Last year proved to be a watershed moment for oil and gas companies in the global transition to clean energy, with Big Oil facing a series of boardroom and courtroom battles against hardline climate activists.
The world's largest publicly-traded oil company, Exxon Mobil (NYSE:XOM), lost three board seats to Engine No. 1, an activist hedge fund, in a stunning proxy campaign. Engine No. 1 demanded that Exxon needs to cut fossil fuel production for the company to position itself for long-term success. "What we're saying is, plan for a world where maybe the world doesn't need your barrels," Engine No.1 leader Charlie Penner told the Financial Times. Engine No. 1 enjoyed a stunning victory thanks to support from BlackRock Inc. (NYSE:BLK), Vanguard, and State Street who all voted against Exxon's leadership.
Next was its close peer, Chevron Corp.(NYSE:CVX), with no less than 61% of Chevron shareholders voting to further cut emissions at the company's annual investor meeting a week ago and rebuffing the company's board which had urged shareholders to reject it.
Finally, a Dutch court ordered Royal Dutch Shell (LON:SHEL) to cut its greenhouse gas emissions harder and faster than it had previously planned. Never mind the fact that Shell already had pledged to cut GHG emissions by 20% by 2030 and to net-zero by 2050. The court in The Hague determined that wasn't good enough and demanded a 45% cut by 2030 compared to 2019 levels. The past two years have been especially challenging for Shell shareholders after the company announced a major dividend cut with the quarterly dividend falling to 16 cents from 47 cents, the first dividend cut since WW11. Meanwhile, the company's debt had ballooned massively from $1bn in 2005 to $73bn in 2020.
Luckily for these oil and gas supermajors, investor sentiment has once again shifted in their favor.
Encouraged by last year's victories, including rules that made it easier to put public policy-related questions on proxy ballots, an analysis by the Conference Board of data supplied by Esgauge has revealed that climate activists have filed 389 environmental and social proposals with member companies of the Russell 3000 index so far this year.
However, the share of support for environmental proposals has dropped from 37% in 2021 to 33% this year, reflecting a growing aversion by asset managers to tying managers' hands when it comes to climate-related issues. Russia's invasion of Ukraine has also forced investors and companies to think more about energy security.
Ironically, it's none other than the world's largest asset manager, BlackRock Inc., that set the tone earlier this year when it warned that it would be voting against shareholder resolutions on climate that it considered to be too extreme or prescriptive.
Over the past few years, BlackRock has been at the forefront of encouraging oil and gas divestments, with CEO Larry Fink calling for corporate climate disclosures while also proclaiming that companies must have a purpose beyond profit. Back in 2019, BlackRock declared its intention to increase its ESG (Environmental, Social and Governance) investments more than tenfold from $90 billion to a trillion dollars in the space of a decade.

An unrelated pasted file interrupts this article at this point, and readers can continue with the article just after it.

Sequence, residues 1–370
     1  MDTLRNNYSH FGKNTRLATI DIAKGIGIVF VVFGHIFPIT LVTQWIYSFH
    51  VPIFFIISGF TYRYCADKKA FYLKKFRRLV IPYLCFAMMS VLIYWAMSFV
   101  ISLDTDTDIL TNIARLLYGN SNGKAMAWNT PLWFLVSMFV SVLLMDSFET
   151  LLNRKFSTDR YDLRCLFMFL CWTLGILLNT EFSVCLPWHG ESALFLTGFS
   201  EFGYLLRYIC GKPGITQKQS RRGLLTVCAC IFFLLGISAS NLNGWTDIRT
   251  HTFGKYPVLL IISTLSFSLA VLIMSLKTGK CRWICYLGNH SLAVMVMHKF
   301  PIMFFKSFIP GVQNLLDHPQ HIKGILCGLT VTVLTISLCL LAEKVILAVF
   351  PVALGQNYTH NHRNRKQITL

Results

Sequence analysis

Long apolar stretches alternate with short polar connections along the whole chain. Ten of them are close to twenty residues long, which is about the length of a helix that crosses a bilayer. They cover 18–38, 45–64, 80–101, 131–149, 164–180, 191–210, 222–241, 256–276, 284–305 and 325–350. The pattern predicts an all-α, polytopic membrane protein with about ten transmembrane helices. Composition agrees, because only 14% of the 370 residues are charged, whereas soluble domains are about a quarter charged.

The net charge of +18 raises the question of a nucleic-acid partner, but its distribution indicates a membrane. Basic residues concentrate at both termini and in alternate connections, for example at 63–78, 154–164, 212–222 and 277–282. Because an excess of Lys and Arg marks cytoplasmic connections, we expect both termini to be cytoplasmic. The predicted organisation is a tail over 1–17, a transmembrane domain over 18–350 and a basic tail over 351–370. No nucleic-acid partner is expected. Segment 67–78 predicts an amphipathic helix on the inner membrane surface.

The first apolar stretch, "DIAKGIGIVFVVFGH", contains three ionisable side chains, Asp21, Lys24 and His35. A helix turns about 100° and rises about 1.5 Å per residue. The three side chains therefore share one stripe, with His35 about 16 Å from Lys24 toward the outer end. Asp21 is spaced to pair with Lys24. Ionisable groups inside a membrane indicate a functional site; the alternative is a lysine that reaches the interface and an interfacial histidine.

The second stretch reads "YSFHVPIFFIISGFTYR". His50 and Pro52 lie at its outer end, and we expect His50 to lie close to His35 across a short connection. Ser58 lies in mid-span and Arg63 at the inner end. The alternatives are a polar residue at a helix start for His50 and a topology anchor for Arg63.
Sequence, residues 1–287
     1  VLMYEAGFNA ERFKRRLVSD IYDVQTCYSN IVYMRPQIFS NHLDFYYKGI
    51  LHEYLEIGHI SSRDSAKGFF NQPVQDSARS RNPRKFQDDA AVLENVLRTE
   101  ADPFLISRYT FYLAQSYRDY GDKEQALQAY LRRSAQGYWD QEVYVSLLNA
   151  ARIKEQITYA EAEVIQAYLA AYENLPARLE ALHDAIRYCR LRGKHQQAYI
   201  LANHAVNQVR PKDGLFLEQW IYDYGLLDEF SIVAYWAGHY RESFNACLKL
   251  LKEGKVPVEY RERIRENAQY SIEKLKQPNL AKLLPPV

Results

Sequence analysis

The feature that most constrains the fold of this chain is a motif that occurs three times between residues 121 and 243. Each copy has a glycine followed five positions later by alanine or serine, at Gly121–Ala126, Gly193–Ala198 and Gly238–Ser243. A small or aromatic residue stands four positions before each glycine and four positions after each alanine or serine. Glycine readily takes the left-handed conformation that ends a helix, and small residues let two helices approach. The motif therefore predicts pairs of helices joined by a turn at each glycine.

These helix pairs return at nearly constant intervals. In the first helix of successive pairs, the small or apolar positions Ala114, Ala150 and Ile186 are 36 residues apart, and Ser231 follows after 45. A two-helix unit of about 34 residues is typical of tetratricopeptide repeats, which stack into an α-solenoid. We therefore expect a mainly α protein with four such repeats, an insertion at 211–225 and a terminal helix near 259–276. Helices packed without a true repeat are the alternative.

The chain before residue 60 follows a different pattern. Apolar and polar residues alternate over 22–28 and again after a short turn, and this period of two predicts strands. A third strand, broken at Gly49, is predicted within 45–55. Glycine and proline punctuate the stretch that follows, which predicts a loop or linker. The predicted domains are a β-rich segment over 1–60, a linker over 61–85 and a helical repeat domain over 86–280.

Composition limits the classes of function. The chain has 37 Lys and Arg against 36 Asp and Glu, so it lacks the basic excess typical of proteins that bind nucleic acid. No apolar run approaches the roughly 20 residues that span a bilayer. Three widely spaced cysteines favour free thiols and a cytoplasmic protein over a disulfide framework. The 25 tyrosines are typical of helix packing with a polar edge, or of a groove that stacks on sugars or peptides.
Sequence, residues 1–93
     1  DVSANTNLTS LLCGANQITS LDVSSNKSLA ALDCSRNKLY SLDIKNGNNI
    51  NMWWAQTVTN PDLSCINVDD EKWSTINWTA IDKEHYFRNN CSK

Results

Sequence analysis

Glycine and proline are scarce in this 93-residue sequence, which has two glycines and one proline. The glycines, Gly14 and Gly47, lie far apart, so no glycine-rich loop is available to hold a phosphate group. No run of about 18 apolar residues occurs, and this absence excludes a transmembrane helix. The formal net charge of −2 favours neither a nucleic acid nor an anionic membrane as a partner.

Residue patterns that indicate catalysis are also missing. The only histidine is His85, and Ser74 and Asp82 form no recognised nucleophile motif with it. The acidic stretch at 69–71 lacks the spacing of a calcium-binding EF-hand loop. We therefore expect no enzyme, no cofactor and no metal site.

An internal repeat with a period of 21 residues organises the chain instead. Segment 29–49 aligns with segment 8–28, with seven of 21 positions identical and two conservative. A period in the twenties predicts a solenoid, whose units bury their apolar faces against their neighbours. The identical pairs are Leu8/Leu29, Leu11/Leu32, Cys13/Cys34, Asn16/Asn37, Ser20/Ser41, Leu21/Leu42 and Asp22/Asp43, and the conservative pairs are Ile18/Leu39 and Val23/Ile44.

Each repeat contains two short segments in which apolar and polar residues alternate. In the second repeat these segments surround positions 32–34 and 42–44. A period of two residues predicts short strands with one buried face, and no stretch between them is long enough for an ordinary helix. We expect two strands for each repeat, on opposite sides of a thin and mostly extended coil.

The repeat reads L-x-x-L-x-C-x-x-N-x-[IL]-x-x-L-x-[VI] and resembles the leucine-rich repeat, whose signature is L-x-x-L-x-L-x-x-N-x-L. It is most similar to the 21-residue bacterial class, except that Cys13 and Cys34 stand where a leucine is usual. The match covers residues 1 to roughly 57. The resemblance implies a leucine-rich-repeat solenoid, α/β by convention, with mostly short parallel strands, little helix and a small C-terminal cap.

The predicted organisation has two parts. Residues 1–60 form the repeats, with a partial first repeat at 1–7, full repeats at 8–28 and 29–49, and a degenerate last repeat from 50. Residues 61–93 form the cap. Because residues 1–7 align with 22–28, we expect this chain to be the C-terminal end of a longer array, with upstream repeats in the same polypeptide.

With $9.6 trillion of investments under its watch, BlackRock can certainly throw its weight around. Indeed, in 2020, the firm voted against 69 companies and 64 company directors for climate-related reasons while placing another 191 companies on watch.
Other money managers are following suit:
"It's the board's role to oversee and direct corporate strategy. As long-term shareholders, we need to be as pragmatic and consistent as possible," Ben Colton, head of stewardship at State Street Global Advisors, has told the Financial Times.
According to the Conference Board analysis, proposals asking management to report on several environment-related options have been receiving significantly higher backing than those that have sought to restrict management behavior. The report reveals that seven resolutions asking for reports on plastic pollution garnered an average of 45% support; on the contrary, the ten demands that banks and insurers stop financing new fossil fuel development received average support of just 10%.
Last month, Exxon recorded a major victory after its shareholders supported the company's energy transition strategy at the annual general meeting. Only 28% of the participants backed a resolution filed by the Follow This activist group urging faster action to battle climate change; a proposal calling for a report on low carbon business planning received just 10.5% support, while a report on plastic production garnered a 37% favorable vote.
Following in the footsteps of its larger peer, in June, Chevron shareholders voted against a resolution asking the company to adopt greenhouse gas emissions reduction targets, indicating support for the steps the company already has taken to address climate change.
Just 33% of shareholders voted in favor of the proposal, according to preliminary figures disclosed by the company, a sharp turnaround from last year when 61% of shareholders voted to support a similar proposal.
It appears that ESG and climate activism are now taking a backseat amid the global energy crisis, meaning the legacy businesses of fossil fuel companies remain safe--at least for now.
By Alex Kimani for Oilprice.com
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In such a situation, economics prevails over climate change.
Dr Mamdouh G Salameh
International Oil Economist
Visiting Professor of Energy Economics at ESCP Europe Business School, London